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Bamboo Eagle 24-1 lands at Edwards AFB

  • Published
  • By Laisa Leao
  • 412th Test Wing Public Affairs

The 412th Test Wing answered the call of duty in support of Bamboo Eagle, a live-fly exercise that teams over 3,000 servicemembers across four branches to fly, maintain and support more than 150 aircraft at Edwards Air Force Base, California, and other operating locations.

Combat warfighters are placed in a multi-domain, disaggregated high-end conflict, simulating the future of warfare during this large-scale exercise organized by the United States Weapons School located at Nellis Air Force Base, Nevada.

A key element of the exercise requires units to operate in a location other than their home base to simulate a forward-deployed environment.

“Our main operating bases in the current environment against the peer adversaries cannot be assumed to be protected, so you have to distribute your operations across as many locations as you can to provide survivability for your forces and not depend on one secure site.” said Lt. Col. Robert Newton, 412th Operations Support Squadron commander.

Edwards was chosen because of the 412th Test Wing’s ability to support F-35 Lighting II operations with excellence.

“Edwards is particularly ideal for an exercise like Bamboo Eagle because it’s trying to address how we are going to operate in a hostile environment. And while we have the real estate and the airspace that we do, we have the maneuverability available to actually have all of these partners in the same place,” said Lt. Col. David Schmitt, 412th Operations Group commander.

On top of carrying on its daily activities related to Edwards’ day-to-day operations including flight test, the 412 OSS received F-35A’s from Hill AFB, Utah, F-35B’s from Marine Fighter Attack Squadron (VMFA) 211, C-17 Globemaster IIIs, and C-130s added to the flight line, ramp, and airspace. Still, the OSS team proved to be ready to sustain Operational Agile Combat Employment – ACE – despite the additional heavy load.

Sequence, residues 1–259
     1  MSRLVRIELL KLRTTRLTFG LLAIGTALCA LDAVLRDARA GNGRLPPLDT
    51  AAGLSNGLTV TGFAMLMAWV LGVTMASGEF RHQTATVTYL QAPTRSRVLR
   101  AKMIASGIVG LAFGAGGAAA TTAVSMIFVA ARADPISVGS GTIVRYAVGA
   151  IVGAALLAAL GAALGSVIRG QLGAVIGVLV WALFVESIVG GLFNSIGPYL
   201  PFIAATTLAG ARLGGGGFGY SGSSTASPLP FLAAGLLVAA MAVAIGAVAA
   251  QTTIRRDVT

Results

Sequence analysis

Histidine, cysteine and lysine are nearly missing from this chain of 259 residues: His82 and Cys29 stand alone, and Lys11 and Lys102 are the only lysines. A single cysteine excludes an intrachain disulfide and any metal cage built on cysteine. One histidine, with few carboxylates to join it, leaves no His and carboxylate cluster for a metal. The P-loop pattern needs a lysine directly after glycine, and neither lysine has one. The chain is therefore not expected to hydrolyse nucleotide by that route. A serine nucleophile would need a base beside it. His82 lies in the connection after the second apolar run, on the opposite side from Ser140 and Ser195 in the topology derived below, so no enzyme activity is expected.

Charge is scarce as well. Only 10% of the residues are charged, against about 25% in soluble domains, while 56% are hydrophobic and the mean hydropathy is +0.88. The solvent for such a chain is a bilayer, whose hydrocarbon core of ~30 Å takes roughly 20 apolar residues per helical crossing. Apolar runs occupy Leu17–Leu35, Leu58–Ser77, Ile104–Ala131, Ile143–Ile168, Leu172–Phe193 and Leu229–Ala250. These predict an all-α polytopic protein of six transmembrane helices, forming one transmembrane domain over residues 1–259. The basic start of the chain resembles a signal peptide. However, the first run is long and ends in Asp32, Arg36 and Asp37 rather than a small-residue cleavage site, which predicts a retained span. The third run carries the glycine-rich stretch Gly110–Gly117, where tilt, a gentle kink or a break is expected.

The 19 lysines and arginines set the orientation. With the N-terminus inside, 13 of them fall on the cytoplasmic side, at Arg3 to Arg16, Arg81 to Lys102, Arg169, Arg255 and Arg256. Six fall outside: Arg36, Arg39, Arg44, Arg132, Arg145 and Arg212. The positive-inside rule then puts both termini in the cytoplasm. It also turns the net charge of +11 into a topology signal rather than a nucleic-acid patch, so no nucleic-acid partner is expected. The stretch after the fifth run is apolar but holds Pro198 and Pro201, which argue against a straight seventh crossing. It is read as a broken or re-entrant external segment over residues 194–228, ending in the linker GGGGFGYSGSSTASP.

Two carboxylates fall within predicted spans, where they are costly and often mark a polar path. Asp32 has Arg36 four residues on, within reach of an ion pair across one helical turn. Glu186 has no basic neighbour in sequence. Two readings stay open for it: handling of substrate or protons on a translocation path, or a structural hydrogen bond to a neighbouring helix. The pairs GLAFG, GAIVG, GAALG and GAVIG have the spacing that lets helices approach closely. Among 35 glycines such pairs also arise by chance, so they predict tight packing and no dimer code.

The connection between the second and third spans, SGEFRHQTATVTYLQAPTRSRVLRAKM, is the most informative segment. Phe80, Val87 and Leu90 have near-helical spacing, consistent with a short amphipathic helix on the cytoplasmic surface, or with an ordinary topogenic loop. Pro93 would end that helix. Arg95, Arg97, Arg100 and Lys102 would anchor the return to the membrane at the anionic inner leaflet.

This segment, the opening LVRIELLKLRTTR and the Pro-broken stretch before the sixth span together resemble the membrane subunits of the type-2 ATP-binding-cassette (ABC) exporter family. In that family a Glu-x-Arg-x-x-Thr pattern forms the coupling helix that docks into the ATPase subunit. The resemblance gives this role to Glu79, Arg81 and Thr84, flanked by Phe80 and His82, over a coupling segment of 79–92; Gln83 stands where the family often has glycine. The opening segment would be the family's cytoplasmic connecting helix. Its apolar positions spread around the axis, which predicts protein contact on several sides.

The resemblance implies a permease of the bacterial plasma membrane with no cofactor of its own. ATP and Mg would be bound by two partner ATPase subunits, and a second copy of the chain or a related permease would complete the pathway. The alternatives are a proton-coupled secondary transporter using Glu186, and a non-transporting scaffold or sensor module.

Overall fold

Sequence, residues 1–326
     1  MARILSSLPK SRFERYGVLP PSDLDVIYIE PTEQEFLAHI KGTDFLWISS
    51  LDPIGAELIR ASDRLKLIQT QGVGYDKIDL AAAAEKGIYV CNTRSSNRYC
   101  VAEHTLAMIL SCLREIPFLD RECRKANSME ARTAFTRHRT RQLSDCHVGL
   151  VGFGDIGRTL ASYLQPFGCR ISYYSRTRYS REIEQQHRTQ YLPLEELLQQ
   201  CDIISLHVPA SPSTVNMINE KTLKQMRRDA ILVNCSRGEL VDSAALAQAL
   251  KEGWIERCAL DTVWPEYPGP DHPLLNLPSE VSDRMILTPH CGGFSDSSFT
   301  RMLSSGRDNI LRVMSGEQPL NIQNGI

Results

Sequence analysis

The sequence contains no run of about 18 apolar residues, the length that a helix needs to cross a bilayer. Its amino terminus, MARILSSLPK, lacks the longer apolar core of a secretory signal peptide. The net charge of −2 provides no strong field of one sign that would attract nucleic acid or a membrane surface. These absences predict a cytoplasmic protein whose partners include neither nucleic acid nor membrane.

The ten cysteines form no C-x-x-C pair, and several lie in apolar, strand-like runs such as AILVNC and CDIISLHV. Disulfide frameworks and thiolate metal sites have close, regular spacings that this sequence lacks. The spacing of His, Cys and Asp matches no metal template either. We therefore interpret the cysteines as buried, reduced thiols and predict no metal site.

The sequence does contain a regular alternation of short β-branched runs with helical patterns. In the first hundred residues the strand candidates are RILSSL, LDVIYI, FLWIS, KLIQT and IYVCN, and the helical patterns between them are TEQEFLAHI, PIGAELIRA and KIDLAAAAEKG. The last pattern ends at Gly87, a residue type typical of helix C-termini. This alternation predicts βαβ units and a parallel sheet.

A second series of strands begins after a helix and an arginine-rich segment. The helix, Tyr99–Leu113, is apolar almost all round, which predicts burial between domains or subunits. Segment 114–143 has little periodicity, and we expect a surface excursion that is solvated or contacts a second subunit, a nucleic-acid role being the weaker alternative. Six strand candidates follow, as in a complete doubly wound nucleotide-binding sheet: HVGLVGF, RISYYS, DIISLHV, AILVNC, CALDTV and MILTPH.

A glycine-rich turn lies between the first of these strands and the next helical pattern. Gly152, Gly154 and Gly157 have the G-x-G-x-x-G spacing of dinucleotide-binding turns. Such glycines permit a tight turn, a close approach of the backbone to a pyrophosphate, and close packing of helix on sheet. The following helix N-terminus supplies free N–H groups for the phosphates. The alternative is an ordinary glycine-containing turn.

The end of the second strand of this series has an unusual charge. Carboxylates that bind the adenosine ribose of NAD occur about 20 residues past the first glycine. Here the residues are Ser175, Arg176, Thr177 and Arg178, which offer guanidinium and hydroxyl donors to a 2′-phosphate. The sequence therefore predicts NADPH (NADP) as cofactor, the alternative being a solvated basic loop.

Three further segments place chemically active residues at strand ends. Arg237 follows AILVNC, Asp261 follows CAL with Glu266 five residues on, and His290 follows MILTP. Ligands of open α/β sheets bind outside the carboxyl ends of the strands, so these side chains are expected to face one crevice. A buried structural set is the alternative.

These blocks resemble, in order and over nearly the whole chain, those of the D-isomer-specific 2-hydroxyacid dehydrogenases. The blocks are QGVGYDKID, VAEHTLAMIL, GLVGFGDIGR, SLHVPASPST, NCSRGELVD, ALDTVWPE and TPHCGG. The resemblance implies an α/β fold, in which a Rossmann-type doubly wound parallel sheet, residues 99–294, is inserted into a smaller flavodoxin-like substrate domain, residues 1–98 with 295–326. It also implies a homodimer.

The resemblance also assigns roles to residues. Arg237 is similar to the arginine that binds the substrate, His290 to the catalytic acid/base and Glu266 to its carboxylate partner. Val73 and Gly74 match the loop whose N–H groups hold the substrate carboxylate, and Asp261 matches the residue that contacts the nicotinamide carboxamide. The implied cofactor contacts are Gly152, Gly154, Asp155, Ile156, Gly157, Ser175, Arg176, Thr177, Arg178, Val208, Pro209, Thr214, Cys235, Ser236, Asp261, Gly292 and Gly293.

Newton said the ACE concept is vital to how the Air Force will fight future conflicts and training exercises such as Bamboo Eagle affords multiple units across different branches the opportunity to “train how we fight.”

“The Operation Support Squadron provides all the roles that naturally fall into the Operations Group but don’t naturally fit into a flight squadron. Whether that’s airfield support, air traffic control, but also we have our aircrew fight equipment, our maintenance of the radars, all of those things are what we do day-in and day-out,” said Newton. “When we have a large force exercise that comes through, it gives us the opportunity to support all our partners, sister services, and partner nations, on this airfield because Edwards is the crown jewel that it is.”